Shuckin' Awesome: Over 30 artists featured at Shirley art market
Many art shows were canceled in 2020 due to the pandemic, robbing a lot of artists of both community and income. In August 2020, a dedicated group of artists in central Illinois came together to put on their own shows. They call themselves Artists of the Corn.
Artists of the Corn just hosted its latest show Saturday and Sunday at Funk Farms Premium Beef in Shirley, called Shuckin’ Awesome Holiday Art Market, which is its 10th show overall.
“I love the idea that we are an artists-for-artists organizing group," said co-organizer and artist Sarah Fleming.
After attending the Shuckin’ Awesome Holiday Art Market, Fleming said she wants young rural artists to be encouraged and see themselves in the art.
“We're promoting Midwestern artists in a very Midwestern space," Fleming said.
The market featured many different types of art, including glass blowing, ceramics, painting, and more. All 30-plus artists at the market were invite-only.
One of the artists, Kim Caisse, came all the way from Hannibal, Missouri, to showcase her artwork.
“For me, it's nice that I can find some way to use the skills that I have to pay my bills,” said Caisse. “More important than that is that you find that your work touches people, and you get to see their reaction. You get to see that it's important to them.”
Another artist at the market was Deana Bada Maloney, who hand-paints unique ceramic animals with ink. Maloney said artists are the purveyors of inspiration.
“I just think that it is such a gift to be able to inspire the community,” she said.
Maloney said she finds the act of making art to be very peaceful, despite the stress of preparing for a market like this.
“The challenge is always time, having enough time to make everything you want, and you never will,” said Maloney. “I've tried to let go of my anxiousness of wanting to have enough stuff.”
Caisse shares Maloney’s stress in preparing for an art market.
“It's a lot of running around the house, scratching your head and going, ‘What am I doing?’” said Caisse, adding when she really gets herself parked in place, the process becomes fun and exciting.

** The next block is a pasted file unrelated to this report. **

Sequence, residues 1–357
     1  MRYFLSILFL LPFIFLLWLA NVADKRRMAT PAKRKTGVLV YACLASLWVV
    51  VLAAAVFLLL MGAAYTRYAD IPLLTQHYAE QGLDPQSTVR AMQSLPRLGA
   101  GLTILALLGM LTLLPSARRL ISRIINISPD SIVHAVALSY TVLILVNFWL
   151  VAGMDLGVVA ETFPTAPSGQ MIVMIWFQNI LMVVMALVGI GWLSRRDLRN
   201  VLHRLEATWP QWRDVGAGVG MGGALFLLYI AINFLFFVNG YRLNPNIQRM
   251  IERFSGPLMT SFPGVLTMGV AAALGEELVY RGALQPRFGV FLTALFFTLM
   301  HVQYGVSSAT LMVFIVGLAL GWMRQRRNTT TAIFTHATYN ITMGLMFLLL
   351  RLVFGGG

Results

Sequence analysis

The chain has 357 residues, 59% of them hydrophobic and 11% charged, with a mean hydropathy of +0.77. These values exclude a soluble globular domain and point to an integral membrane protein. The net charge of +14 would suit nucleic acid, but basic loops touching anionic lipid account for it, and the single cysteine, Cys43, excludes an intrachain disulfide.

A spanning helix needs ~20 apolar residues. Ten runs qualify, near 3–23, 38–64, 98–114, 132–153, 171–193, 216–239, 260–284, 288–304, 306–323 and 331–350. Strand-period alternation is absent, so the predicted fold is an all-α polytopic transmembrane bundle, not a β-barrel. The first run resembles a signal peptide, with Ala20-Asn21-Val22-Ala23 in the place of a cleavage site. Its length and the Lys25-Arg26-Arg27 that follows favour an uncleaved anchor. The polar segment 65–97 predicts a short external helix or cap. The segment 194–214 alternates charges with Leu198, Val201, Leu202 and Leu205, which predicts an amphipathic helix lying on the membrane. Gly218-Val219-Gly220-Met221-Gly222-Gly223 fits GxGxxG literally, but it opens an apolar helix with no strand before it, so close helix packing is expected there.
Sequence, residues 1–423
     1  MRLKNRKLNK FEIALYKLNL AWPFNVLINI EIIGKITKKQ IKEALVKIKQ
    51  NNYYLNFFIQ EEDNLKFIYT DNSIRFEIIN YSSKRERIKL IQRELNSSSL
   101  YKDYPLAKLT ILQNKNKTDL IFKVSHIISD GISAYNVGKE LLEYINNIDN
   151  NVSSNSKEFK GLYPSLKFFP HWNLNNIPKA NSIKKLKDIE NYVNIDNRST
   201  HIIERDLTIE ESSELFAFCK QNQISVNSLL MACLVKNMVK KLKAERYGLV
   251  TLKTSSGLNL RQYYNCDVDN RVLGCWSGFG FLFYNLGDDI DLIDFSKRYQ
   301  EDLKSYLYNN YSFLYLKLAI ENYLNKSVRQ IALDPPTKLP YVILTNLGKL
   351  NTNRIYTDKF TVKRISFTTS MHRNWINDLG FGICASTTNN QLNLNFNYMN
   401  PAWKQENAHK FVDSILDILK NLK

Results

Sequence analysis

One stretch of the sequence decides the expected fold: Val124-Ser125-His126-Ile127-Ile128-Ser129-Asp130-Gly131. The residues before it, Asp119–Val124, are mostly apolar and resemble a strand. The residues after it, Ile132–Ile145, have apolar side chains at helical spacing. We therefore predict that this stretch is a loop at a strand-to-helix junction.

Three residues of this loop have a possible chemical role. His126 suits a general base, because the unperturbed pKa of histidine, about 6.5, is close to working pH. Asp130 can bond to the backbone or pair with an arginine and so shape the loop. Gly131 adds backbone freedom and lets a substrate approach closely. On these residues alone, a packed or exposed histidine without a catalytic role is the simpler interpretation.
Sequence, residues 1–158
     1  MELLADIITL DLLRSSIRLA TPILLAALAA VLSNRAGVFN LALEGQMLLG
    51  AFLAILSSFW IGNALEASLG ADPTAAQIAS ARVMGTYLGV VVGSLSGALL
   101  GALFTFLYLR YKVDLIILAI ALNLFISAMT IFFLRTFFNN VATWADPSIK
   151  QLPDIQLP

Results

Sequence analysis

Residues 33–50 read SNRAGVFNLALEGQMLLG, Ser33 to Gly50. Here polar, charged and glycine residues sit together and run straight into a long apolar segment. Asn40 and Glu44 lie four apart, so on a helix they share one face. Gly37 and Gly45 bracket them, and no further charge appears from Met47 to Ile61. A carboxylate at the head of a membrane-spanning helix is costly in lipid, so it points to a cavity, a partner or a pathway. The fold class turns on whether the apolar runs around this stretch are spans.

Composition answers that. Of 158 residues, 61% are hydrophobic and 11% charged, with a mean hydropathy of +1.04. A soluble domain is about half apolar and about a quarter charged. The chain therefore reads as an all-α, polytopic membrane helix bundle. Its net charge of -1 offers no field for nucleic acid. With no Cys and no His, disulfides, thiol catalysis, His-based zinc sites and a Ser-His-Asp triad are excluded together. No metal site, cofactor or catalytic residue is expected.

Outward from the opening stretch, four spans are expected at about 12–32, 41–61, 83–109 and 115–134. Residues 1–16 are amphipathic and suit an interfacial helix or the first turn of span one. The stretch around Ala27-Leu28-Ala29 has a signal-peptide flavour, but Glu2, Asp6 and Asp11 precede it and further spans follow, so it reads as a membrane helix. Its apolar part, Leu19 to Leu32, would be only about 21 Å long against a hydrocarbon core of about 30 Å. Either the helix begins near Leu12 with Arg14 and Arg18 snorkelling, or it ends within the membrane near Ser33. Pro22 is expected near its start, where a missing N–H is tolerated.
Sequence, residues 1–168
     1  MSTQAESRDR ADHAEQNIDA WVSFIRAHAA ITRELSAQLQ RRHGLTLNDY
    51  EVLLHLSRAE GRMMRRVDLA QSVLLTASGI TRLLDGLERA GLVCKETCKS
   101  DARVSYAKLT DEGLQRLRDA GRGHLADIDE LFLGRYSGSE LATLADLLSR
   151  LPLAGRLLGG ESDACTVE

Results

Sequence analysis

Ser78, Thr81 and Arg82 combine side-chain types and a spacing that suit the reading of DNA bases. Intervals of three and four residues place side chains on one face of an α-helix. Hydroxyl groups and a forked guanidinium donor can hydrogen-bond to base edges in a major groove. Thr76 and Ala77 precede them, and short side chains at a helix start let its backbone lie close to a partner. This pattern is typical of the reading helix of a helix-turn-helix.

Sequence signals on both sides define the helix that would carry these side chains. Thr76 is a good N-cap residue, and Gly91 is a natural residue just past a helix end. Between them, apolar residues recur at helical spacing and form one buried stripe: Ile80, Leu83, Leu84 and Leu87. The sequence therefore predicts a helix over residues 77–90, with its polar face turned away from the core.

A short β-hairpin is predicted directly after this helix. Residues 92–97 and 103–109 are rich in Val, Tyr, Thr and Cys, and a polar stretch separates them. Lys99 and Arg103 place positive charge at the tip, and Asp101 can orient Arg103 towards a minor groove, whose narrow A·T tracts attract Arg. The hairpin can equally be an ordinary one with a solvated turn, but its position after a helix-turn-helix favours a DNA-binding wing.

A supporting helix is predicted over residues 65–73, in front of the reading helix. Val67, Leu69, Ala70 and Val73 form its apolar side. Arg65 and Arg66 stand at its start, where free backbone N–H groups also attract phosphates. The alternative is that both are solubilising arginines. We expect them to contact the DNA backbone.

Co-organizer Fleming said the idea of this art market was to bring people together to enjoy a weekend of supporting local art and small businesses. The Shuckin’ Awesome Holiday Art Market was only one part of a larger weekend.
Ten locations spread out along historic Route 66 were part of the Artists of the Corn’s Have Yourself a Funky Little Weekend. From Shirley to Atlanta in Logan County, visitors could shop at local boutiques, wander museums, enjoy food, and support local artists.
Glassblower and co-organizer Brock Eddleman said their first art show at Funk Farms Premium Beef was so fantastic that the Artists of the Corn wanted to do more.
“[Fleming] had [her] idea to start to include local businesses out in the area and see if we could kind of synergize and turn it into something even bigger for the area,” said Eddleman.
The golden cob
Part of what makes the Shuckin’ Awesome Holiday Art Market unique, said Eddleman, is the notorious Golden Cob Award.
Eddleman said all the artists go around the art market and vote for the artist that moved them the most, had the most visual impact, was the most exciting, or just their favorite. The process is all very “hush-hush."
On Saturday after all the patrons left, the artists gathered to see who won the Golden Cob Award. The winner from the previous year, Maloney, had been commissioned to make the Golden Cob Award trophy.
“The previous winner unveils their Golden Cob, and we announce who the winner is,” said Eddleman. The winner this year was ceramicist Cory McCrory of Sandwich.
“Everyone cries. Everyone cheers,” said Fleming.
The artists and co-organizers said they love inspiring and taking inspiration from others at the art market.
“It's a great group of people, and a great setting that I just find a lot of inspiration from," Eddleman said.
Fleming added: “You feel it when you walk in the room. Everybody really appreciates each other, and are happy to be there.” Art is more than just what is in galleries, said Fleming. “Art is a job.”
The job of being an artist is important to both art patrons and artists themselves.
“I never would have guessed in a million years that my art would be so important to someone. So you just have to get out there and see what happens, and it's exciting,” said Caisse.
Eddleman said Artists of the Corn have plans to continue art markets in the future, so art-lovers should be on the lookout for bad corn puns — and more art.